Yesterday Rick Wicklin showed a cool SAS/IML function to use a matrix and print a Pascal’s triangle. I come up with an alternative solution by using a vector in SAS/IML.


Two functions are used, including a main function PascalRule and a helper function _PascalRule. The helper function recycles the vector every time and fills the updated values; the main function increases the length of the vector from 1 to n.


Get the nth row directly, for example, return the 10th row by PascalRule(10); no need to use a matrix or matrix related operators; use less memory to fit a possibly bigger n.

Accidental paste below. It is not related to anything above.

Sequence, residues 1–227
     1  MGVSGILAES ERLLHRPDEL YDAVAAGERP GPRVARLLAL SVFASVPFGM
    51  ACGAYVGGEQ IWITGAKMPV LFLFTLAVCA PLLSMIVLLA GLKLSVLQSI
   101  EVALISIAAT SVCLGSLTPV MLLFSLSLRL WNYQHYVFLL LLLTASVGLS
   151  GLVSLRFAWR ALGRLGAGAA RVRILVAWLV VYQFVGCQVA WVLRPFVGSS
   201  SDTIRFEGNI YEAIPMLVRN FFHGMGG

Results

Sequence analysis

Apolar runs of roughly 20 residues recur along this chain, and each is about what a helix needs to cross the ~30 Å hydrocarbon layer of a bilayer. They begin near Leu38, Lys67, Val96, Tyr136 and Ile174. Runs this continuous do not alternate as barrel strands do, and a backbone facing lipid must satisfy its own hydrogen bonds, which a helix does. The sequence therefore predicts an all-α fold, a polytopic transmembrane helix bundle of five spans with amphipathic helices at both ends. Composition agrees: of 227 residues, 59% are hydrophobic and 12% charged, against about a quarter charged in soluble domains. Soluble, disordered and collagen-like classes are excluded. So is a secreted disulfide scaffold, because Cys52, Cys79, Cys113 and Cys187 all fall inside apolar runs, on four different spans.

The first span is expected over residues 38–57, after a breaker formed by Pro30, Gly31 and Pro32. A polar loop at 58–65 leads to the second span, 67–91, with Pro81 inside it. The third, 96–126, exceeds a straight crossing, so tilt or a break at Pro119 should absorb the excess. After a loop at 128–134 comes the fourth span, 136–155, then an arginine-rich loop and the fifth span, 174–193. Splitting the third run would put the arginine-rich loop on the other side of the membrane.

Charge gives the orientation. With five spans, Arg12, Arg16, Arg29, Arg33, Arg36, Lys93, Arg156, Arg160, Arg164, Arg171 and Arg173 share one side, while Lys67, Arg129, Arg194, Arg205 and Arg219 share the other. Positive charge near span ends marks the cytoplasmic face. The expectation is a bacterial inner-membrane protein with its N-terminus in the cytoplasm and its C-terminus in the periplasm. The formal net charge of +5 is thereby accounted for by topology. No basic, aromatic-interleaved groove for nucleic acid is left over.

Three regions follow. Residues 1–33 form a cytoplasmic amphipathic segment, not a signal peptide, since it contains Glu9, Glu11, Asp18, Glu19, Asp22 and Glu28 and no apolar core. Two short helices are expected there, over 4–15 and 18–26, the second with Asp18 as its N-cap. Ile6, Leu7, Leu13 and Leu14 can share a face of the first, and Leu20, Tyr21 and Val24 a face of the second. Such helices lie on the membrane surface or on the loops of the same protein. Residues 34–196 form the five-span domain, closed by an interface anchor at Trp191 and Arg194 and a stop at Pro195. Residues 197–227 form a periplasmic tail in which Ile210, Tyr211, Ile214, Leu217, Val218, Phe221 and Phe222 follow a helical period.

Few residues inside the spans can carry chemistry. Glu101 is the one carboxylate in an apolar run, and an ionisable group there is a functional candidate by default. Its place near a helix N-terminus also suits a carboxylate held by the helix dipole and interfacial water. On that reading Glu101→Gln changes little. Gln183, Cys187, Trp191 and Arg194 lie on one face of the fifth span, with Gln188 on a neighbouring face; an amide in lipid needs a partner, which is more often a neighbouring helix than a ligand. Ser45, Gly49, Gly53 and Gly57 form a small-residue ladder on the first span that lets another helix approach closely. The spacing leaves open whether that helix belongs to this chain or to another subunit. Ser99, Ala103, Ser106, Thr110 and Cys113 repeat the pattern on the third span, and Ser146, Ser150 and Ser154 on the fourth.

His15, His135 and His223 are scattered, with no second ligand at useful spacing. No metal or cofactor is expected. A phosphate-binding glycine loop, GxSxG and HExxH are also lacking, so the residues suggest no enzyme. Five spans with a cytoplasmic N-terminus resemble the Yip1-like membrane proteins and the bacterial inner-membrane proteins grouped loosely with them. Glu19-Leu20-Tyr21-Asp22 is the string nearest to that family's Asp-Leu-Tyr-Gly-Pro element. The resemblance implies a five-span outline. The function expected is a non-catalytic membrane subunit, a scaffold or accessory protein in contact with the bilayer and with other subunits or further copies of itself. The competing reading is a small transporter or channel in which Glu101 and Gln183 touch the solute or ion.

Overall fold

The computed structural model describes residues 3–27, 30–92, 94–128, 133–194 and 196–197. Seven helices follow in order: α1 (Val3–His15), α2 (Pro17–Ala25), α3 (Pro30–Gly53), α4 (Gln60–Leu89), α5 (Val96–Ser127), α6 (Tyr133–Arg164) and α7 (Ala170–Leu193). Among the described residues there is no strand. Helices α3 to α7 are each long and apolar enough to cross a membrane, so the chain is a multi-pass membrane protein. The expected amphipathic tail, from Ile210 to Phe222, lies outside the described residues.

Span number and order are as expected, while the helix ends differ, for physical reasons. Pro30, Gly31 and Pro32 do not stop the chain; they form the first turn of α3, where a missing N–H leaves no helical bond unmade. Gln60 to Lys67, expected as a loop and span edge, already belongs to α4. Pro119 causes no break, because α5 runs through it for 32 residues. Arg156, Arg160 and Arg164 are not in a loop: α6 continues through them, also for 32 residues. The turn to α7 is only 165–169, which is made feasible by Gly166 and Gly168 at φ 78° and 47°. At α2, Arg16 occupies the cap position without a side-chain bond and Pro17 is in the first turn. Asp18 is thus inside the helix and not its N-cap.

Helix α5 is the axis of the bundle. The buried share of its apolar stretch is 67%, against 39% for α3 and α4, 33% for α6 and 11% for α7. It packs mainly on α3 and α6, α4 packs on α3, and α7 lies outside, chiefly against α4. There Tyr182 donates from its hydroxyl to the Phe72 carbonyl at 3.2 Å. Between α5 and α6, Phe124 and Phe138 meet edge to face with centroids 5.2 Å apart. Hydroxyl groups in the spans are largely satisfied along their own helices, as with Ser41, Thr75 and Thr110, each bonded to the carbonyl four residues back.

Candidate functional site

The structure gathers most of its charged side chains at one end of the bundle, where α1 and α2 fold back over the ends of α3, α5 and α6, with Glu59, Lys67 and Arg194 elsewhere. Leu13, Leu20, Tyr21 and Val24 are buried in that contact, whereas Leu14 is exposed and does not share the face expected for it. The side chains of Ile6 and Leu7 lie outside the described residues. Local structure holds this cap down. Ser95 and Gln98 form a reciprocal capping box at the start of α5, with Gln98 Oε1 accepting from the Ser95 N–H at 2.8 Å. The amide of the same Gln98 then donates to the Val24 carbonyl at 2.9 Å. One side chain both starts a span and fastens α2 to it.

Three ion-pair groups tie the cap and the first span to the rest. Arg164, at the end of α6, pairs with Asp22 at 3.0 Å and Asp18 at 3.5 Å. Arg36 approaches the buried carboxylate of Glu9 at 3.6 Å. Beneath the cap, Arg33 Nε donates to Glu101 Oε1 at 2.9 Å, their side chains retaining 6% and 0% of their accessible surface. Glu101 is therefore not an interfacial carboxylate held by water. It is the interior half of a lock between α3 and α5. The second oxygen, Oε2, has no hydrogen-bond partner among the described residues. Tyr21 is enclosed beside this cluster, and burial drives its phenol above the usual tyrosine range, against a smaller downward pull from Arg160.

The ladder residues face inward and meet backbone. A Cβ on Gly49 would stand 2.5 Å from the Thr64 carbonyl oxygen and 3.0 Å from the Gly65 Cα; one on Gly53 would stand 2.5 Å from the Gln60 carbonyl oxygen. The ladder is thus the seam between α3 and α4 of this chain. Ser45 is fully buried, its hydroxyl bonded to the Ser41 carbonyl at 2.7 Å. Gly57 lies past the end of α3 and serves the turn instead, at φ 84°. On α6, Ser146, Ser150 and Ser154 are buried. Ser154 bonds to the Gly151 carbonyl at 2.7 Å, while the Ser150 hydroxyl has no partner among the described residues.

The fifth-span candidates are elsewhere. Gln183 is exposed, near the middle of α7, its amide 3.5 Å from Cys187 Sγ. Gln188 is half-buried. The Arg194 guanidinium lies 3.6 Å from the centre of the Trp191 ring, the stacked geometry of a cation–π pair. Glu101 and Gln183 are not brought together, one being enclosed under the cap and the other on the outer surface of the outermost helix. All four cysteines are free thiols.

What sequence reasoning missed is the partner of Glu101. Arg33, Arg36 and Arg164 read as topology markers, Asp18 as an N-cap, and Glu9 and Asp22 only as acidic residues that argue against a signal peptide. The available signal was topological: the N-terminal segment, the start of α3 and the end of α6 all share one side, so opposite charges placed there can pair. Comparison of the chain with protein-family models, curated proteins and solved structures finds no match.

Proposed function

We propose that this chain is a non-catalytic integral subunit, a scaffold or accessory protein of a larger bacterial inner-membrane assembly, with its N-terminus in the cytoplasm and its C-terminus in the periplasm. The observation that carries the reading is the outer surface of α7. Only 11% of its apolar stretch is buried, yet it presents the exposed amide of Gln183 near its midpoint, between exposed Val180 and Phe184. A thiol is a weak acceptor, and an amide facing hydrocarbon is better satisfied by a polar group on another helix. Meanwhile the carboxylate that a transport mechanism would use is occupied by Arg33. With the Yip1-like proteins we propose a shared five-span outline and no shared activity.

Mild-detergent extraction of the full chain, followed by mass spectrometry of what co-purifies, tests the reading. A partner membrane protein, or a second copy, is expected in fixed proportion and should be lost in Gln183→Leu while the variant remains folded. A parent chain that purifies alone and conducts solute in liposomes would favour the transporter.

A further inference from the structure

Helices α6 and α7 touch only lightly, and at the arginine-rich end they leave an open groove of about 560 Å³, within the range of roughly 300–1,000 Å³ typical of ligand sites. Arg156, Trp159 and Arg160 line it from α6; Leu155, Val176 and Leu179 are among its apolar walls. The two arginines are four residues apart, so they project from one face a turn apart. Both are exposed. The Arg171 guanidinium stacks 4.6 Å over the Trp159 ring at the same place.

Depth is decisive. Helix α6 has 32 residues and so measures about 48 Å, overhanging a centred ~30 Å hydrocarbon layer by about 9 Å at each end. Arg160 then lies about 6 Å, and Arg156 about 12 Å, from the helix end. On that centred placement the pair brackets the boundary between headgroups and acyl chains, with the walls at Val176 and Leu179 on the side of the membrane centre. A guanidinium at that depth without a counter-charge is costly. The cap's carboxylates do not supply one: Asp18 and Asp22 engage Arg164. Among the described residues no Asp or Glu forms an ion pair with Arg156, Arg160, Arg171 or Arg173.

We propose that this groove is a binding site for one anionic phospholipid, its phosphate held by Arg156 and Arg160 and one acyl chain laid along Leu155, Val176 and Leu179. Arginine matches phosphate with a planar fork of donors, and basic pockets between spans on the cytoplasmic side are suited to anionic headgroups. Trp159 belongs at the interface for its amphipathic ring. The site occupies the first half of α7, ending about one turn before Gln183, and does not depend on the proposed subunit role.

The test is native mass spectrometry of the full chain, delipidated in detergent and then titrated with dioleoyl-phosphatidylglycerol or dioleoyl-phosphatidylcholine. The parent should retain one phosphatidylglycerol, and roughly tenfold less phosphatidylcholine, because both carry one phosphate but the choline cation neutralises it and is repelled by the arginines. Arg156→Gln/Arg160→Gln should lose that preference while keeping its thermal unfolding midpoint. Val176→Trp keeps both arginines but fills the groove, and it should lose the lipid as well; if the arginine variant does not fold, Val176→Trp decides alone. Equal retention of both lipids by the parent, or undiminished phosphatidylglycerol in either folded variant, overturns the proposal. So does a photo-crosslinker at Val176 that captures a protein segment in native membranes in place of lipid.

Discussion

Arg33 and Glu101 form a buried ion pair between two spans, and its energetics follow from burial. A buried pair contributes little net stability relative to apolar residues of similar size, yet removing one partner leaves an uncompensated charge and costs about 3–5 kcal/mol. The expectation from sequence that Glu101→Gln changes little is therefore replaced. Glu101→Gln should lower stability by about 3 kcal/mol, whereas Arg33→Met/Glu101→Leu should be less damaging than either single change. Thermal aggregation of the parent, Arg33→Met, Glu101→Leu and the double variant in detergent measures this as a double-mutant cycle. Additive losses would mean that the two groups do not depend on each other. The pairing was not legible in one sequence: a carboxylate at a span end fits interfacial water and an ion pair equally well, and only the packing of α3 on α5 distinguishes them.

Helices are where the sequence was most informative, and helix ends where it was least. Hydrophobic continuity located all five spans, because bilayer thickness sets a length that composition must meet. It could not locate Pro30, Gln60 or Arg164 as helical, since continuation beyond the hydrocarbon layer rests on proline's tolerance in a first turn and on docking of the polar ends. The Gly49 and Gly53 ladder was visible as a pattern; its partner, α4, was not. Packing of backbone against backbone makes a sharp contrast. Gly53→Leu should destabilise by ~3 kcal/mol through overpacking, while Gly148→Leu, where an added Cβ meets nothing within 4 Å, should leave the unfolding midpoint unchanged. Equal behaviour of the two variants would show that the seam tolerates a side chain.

More lines of codes; slowlier to print the triangle, since there is no data structure such as matrix to remember the transient numbers.
proc iml;
/* The main function */
start PascalRule(n);
if n <= 1 then
answer = {1, 1};
do i = 1 to n - 2 ;
answer = _PascalRule(answer);
/* The helper function */
start _PascalRule(vector);
previous = 1;
do i = 2 to nrow(vector);
current = vector[i];
vector[i] = previous + current;
previous = current;
vector = vector // {1};
/* Print the pascal's triangle */
do i = 1 to 10;
x = PascalRule(i);
x = x`;
print x;
Theoretically, Rick’s solution has a time complexity of O(N^2) and a space complexity of O(N^2), while my solution has a time complexity of O(N^3) (unfortunately have to use three times of do loop in IML) and a space complexity of O(N). Actually it's a trade-off between speed and memory cost.